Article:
How Small Brands Try to Make It on Amazon

Photo credit: Public.Resource.Org, CC BY 2.0.

I bought a Rubbermaid step stool on Amazon yesterday; it was one of those items that I told myself I maybe didn’t really need for my apartment, but after less than a week of carrying a chair around every time I needed to reach the highest cupboards in my kitchen, I tabbed over to Amazon.

There were other step stools that were either slightly or significantly less expensive than the Rubbermaid, but the reviews all said the same thing: Unstable. Fell apart. Difficult to open and close.

I often wonder where all of these brands come from—search nearly anything on Amazon and you’ll find dozens of companies offering inexpensive variants, many of which have zero customer reviews—which meant that I was very, very interested in Farhad Manjoo’s CNBC post about how small brands try to make it on Amazon:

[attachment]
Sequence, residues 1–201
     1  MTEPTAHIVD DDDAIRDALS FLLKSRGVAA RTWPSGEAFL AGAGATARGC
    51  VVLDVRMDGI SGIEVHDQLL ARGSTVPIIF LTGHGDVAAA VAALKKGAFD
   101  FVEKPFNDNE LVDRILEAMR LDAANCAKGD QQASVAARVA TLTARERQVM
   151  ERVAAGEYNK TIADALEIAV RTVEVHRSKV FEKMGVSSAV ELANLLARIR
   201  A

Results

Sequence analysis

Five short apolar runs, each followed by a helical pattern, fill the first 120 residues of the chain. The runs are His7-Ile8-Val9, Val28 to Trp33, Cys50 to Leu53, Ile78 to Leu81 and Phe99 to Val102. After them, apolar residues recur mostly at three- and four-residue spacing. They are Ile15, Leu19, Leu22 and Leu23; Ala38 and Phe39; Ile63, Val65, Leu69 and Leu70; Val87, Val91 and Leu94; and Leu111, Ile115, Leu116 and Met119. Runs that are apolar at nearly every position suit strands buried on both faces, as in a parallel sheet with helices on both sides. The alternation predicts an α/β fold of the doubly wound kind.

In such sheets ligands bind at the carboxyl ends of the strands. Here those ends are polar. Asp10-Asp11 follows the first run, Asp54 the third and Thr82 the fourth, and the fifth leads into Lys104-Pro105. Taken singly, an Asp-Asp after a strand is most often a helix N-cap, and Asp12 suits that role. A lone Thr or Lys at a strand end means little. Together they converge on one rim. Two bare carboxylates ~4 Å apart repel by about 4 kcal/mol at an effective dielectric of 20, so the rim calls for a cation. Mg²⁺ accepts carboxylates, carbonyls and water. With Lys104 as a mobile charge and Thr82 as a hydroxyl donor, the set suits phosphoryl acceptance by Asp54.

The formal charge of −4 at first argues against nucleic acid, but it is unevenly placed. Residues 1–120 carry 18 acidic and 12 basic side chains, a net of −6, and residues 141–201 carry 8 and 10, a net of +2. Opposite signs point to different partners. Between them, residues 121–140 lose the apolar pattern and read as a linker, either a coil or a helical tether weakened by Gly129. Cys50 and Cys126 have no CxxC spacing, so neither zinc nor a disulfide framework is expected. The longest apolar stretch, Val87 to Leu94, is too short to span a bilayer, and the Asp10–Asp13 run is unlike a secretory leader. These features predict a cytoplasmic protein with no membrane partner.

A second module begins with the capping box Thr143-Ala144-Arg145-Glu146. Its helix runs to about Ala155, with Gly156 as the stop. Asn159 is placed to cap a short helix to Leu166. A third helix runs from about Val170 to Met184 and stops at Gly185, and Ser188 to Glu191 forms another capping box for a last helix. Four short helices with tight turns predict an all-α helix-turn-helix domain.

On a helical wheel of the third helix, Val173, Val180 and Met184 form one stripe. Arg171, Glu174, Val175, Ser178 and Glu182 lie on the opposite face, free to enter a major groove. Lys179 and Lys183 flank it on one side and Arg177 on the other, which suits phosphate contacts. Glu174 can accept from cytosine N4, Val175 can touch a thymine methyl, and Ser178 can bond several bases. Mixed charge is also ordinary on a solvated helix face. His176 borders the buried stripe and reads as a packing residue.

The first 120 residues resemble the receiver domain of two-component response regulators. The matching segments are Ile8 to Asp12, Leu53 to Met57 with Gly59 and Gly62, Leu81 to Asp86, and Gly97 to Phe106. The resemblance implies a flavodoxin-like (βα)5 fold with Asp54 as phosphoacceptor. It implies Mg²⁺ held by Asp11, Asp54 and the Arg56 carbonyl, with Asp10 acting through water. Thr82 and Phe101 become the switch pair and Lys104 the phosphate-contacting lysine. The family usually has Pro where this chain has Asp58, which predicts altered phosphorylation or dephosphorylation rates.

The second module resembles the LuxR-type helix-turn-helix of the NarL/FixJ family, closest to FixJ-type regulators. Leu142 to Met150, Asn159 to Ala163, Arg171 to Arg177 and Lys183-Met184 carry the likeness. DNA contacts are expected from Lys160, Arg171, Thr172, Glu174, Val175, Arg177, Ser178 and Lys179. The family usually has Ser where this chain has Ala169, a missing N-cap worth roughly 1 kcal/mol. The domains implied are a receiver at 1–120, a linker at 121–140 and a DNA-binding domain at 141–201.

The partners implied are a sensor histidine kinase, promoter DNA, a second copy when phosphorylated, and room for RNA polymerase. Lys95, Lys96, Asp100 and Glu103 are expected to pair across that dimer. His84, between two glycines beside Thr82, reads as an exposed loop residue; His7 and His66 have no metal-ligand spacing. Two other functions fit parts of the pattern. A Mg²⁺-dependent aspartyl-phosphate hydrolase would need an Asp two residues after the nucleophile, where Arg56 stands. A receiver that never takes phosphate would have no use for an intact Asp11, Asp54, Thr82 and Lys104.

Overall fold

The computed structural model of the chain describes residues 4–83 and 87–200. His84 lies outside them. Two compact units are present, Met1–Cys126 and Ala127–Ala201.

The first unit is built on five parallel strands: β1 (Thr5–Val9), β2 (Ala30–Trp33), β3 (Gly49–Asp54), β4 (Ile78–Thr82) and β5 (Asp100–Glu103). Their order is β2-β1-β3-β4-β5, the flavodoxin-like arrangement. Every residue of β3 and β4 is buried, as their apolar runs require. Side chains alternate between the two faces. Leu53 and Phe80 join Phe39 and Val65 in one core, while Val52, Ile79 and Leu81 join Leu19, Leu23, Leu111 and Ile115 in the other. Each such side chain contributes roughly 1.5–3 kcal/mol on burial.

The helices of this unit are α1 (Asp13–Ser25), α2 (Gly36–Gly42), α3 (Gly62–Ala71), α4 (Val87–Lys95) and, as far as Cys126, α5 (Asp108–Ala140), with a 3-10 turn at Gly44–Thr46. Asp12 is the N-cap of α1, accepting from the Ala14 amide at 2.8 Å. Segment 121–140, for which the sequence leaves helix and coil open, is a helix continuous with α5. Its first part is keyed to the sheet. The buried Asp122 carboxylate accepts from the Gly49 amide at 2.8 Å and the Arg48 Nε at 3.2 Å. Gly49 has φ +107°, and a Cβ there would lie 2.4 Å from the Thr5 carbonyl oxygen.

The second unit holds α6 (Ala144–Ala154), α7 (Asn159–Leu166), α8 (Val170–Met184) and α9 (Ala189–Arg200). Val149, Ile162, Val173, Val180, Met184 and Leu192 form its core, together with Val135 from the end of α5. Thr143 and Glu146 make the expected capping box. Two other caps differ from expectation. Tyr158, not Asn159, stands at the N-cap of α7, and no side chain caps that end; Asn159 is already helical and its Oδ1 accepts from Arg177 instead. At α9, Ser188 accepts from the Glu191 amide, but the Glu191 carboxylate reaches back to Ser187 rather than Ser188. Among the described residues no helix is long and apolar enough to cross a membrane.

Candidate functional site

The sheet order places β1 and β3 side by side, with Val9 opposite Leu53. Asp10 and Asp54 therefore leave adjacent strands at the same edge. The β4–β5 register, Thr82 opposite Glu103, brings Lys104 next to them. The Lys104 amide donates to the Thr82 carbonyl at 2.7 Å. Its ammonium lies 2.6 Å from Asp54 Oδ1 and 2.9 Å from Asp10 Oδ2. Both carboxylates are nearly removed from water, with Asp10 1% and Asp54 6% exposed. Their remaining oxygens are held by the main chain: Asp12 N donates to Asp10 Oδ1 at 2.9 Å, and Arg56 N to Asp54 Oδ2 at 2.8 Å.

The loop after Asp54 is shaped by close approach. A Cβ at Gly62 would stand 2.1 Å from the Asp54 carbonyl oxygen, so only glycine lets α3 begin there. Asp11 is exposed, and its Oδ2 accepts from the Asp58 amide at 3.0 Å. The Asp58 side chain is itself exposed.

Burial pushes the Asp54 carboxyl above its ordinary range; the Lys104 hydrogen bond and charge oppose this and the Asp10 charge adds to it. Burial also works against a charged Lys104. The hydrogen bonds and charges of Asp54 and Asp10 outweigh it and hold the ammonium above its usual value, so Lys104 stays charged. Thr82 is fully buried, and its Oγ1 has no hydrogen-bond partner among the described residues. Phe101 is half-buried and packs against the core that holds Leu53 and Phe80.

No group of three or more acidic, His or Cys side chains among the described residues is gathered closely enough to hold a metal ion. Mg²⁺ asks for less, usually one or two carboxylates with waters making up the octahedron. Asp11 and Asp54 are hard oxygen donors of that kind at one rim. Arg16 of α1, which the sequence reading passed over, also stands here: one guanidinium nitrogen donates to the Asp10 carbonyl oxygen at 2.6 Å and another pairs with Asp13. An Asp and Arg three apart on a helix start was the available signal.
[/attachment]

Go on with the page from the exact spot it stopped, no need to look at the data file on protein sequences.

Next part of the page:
To hit the $20 price, Wyze licensed the camera’s hardware from a Chinese company, then created its own software. It also cut out just about every middleman, including most retailers. And it’s banking on long-run success. While Wyze is just breaking even on its first camera, its founders believe internet-connected home devices will be a growth category. They plan to establish a trusted brand with the first camera, then release a succession of products that they hope to sell in large numbers, at low prices.

Getting the costs down is the first part. The second part, of course, is getting the reviews.

Read the whole thing—or, if you’d rather, answer one of these questions:

  1. How do you decide to trust an unknown brand on Amazon?
  2. When a brand emails asking you to please leave an Amazon review, do you?

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